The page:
Told here for the first time, the riveting story of the most remarkable strike in American history
On January 12, 1912, an army of textile workers stormed out of the mills in Lawrence, Massachusetts, commencing what has since become known as the “Bread and Roses” strike. Based on newspaper accounts, magazine reportage, and oral histories, Watson reconstructs a Dickensian drama involving thousands of parading strikers from fifty-one nations, unforgettable acts of cruelty, and even a protracted murder trial that tested the boundaries of free speech. A rousing look at a seminal and overlooked chapter of the past, Bread and Roses is indispensable reading.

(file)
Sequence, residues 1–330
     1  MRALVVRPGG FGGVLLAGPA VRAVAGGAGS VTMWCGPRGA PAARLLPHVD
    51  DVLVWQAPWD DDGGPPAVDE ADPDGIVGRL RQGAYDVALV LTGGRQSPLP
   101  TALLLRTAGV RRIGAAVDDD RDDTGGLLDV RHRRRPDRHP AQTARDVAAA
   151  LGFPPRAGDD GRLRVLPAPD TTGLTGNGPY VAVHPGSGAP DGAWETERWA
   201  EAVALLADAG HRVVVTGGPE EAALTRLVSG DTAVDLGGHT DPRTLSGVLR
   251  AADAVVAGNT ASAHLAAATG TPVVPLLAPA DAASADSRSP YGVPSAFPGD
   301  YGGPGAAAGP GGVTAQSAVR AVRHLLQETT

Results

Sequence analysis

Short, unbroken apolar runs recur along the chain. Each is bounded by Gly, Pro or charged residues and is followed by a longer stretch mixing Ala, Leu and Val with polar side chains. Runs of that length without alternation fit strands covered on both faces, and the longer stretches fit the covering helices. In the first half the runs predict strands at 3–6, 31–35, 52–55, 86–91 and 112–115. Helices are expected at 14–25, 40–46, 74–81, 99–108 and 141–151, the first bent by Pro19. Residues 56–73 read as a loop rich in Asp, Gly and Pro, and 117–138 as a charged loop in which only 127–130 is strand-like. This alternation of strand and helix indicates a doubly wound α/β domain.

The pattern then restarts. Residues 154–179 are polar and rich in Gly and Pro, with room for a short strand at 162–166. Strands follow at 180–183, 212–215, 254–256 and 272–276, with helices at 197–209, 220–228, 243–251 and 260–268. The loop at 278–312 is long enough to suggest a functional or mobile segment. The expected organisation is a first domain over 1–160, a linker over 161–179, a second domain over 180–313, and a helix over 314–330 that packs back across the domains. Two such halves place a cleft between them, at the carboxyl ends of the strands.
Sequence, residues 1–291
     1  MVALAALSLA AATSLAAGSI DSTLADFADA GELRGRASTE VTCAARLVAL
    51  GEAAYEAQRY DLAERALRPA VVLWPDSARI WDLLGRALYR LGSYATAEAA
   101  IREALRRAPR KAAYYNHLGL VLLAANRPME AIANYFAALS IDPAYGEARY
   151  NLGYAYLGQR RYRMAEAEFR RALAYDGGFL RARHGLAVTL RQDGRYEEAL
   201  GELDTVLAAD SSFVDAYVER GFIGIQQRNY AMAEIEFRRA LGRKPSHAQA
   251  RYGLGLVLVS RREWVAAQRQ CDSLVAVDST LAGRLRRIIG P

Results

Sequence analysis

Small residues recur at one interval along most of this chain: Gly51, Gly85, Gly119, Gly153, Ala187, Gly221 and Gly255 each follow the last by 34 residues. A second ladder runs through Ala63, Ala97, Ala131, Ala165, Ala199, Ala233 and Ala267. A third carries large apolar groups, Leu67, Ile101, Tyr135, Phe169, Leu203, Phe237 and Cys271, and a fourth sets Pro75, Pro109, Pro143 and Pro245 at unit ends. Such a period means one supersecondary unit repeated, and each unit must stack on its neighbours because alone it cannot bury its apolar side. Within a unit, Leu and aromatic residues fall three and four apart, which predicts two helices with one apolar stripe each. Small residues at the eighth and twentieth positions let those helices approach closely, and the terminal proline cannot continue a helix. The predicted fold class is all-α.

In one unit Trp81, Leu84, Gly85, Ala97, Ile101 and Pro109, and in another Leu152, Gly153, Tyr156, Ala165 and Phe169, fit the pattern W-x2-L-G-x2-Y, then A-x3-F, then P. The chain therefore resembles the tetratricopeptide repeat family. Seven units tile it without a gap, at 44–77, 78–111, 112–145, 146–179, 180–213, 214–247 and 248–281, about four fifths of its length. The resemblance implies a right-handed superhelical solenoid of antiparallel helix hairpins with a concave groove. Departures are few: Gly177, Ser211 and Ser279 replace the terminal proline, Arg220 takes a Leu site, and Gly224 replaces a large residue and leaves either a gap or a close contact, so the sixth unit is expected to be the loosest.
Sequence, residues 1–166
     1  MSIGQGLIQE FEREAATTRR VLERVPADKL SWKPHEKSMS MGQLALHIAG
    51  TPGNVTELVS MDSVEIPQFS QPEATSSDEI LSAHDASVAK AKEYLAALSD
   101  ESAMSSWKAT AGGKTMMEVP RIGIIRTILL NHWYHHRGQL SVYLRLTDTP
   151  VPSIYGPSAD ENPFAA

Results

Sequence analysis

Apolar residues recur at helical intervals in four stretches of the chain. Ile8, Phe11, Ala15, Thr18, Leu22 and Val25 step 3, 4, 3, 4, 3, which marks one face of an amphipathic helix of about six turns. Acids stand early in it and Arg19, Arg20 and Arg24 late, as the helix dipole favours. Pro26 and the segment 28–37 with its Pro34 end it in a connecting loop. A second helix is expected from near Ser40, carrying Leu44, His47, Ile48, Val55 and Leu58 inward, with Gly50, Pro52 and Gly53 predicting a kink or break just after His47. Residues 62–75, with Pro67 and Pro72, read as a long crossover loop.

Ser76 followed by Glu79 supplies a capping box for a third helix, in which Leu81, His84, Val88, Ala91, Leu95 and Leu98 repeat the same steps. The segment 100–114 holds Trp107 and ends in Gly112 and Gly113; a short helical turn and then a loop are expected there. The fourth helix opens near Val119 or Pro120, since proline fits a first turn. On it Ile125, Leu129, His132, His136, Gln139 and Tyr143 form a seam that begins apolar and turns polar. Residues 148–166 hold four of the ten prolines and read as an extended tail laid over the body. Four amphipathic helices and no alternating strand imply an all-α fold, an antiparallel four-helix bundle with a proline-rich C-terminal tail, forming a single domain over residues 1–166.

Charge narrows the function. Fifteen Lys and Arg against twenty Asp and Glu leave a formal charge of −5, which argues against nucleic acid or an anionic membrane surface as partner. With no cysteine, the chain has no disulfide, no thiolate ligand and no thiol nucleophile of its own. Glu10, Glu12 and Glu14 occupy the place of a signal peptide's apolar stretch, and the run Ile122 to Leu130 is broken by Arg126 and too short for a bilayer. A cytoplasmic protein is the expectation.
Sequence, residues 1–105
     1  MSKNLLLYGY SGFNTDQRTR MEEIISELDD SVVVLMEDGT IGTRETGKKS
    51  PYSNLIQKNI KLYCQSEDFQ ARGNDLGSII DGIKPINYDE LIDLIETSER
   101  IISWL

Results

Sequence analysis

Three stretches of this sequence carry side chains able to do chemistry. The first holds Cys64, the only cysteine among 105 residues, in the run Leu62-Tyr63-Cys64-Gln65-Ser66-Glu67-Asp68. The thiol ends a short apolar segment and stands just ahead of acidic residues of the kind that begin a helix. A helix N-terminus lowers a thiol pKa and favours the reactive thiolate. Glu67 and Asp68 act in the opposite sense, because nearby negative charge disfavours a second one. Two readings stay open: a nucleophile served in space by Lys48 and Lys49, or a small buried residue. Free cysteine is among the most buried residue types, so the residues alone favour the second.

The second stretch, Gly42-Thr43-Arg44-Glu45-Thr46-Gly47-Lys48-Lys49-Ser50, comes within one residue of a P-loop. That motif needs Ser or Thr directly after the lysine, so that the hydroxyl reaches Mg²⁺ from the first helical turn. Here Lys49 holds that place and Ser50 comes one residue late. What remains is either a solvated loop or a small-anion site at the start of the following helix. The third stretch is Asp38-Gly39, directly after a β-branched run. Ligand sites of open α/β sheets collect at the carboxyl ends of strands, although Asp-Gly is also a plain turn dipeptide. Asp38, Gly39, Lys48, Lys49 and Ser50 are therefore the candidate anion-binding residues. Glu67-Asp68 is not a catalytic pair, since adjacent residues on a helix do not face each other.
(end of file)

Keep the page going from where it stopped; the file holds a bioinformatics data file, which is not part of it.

In place of romance, Watson offers a fast-paced, well-researched narrative. He finds room for sketches of the central players, like Angelo Rocco, an Italian former weaver who invited the Industrial Workers of the World, in the person of the organizer Joe Ettor, to Lawrence, as well as of the radical orators Haywood and Flynn and the millowner William Wood. He provides information about textile manufacturing and immigration in New England. He relies heavily on contemporary accounts, including those from the immigrant press, and he carefully sorts through rumors. Bread and Roses is packed with facts, but Watson, a journalist who has written for Smithsonian and The Boston Globe, makes it an exciting read.>br> The New York Times